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Seabiscuit: An American Legend (Ballantine Reader's Circle) Paperback – March 26, 2002
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From The New Yorker
Horse stories are staples of young-adult fiction. Hillenbrand, a veteran equestrian writer, attempts something quite different: a full-length biography of the Thoroughbred Seabiscuit, a California racehorse who became one of the sporting world's biggest celebrities in the late thirties. Because her subject left behind few interesting interviews, the author fills out her portrait with people who helped guide Seabiscuit to glory: his owner, Charles Howard; his trainer, Tom Smith; and a hard-luck jockey named Red Pollard. While fans waited for a horse-to-horse showdown with War Admiral, the darling of the Eastern racing establishment, Seabiscuit set several records and battled various injuries. Unfortunately, many of the races are recounted in breathless, melodramatic prose. Far more interesting are the sections that detail the gruelling, hazardous life of a jockey; Pollard, a failed prizefighter with a taste for literature, emerges as the story's true hero.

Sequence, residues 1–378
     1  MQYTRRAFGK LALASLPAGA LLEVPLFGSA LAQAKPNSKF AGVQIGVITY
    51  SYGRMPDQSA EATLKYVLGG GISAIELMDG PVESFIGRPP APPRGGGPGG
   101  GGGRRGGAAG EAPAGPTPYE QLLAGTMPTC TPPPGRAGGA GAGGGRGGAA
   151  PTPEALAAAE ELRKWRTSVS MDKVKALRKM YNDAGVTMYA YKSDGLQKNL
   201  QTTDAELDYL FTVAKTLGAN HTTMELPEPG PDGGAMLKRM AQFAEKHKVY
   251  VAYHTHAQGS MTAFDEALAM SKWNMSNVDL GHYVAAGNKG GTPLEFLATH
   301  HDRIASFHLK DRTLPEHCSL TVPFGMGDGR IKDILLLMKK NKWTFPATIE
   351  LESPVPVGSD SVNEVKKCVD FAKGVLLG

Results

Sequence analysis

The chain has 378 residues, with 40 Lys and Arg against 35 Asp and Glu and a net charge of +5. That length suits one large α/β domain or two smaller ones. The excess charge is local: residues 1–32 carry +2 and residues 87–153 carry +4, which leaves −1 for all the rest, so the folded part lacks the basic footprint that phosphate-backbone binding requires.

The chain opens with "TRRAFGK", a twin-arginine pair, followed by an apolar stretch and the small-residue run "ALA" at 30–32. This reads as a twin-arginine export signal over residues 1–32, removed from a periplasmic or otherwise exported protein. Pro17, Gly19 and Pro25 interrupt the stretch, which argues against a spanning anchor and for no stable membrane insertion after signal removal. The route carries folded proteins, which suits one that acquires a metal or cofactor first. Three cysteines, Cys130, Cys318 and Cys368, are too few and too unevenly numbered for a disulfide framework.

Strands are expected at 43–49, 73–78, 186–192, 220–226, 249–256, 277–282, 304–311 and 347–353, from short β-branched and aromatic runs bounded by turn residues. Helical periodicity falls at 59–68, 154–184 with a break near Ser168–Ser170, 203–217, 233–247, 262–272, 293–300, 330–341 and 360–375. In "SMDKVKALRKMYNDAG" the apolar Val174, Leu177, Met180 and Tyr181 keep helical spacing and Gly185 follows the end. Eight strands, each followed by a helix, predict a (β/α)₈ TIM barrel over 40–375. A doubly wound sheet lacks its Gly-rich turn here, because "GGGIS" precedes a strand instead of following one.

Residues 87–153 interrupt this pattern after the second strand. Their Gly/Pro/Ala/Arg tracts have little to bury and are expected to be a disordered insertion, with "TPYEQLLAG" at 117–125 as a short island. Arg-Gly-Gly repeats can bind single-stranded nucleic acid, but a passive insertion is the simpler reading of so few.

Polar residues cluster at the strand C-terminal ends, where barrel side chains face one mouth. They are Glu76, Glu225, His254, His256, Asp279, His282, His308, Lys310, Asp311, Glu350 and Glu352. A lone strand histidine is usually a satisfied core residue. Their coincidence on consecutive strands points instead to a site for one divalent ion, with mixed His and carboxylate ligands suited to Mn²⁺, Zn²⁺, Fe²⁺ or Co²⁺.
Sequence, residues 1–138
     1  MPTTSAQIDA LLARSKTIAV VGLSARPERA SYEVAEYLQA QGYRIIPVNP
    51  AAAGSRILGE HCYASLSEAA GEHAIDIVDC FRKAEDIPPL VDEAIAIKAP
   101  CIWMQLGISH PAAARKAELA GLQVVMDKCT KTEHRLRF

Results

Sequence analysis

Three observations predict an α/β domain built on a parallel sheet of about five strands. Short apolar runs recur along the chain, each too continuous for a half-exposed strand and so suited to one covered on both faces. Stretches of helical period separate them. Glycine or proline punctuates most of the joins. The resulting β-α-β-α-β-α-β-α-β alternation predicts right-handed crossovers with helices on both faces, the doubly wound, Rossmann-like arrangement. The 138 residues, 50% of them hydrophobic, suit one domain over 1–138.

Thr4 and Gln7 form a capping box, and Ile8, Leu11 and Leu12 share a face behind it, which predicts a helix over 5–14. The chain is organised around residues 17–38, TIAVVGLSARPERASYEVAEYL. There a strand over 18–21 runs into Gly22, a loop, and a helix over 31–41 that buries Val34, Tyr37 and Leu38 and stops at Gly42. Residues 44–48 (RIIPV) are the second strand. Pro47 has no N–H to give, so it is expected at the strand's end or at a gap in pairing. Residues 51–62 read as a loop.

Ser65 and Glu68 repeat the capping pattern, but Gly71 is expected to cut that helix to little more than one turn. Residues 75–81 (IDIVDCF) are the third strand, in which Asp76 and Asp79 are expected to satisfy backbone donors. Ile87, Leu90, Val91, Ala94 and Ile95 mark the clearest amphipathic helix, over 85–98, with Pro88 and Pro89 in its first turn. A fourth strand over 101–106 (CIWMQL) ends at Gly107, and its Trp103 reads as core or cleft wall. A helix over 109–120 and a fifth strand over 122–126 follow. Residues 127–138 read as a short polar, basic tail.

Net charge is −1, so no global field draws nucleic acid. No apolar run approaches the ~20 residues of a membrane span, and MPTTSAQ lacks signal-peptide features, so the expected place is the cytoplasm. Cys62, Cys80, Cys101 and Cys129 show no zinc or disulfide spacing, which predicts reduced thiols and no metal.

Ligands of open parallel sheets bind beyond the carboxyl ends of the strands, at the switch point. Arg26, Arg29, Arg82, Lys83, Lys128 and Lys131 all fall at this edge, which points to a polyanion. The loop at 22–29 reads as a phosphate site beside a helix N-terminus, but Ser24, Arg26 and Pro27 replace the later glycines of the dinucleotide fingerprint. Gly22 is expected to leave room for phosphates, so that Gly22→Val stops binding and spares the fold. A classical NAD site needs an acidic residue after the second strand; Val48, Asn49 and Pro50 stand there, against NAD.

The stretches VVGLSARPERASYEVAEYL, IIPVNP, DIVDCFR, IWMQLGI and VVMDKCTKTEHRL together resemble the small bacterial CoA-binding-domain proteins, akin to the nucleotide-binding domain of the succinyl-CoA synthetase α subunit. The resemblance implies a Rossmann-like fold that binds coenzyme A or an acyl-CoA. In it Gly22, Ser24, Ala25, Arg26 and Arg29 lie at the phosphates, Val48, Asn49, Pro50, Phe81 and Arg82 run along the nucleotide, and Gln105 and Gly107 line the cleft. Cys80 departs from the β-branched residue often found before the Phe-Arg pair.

Copyright © 2005 The New Yorker
“Fascinating . . . Vivid . . . A first-rate piece of storytelling, leaving us not only with a vivid portrait of a horse but a fascinating slice of American history as well.”
–The New York Times
“Engrossing . . . Fast-moving . . . More than just a horse’s tale, because the humans who owned, trained, and rode Seabiscuit are equally fascinating. . . . [Hillenbrand] shows an extraordinary talent for describing a horse race so vividly that the reader feels like the rider.”
“REMARKABLE . . . MEMORABLE . . . JUST AS COMPELLING TODAY AS IT WAS IN 1938.”
–The Washington Post
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